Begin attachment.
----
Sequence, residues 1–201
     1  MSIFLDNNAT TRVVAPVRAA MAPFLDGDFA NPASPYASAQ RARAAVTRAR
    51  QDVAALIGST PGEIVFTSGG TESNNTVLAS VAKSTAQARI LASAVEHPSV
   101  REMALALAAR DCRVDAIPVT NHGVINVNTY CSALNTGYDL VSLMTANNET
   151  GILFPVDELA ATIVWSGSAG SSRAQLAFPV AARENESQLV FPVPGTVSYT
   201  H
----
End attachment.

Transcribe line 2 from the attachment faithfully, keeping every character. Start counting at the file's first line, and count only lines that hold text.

     1  MSIFLDNNAT TRVVAPVRAA MAPFLDGDFA NPASPYASAQ RARAAVTRAR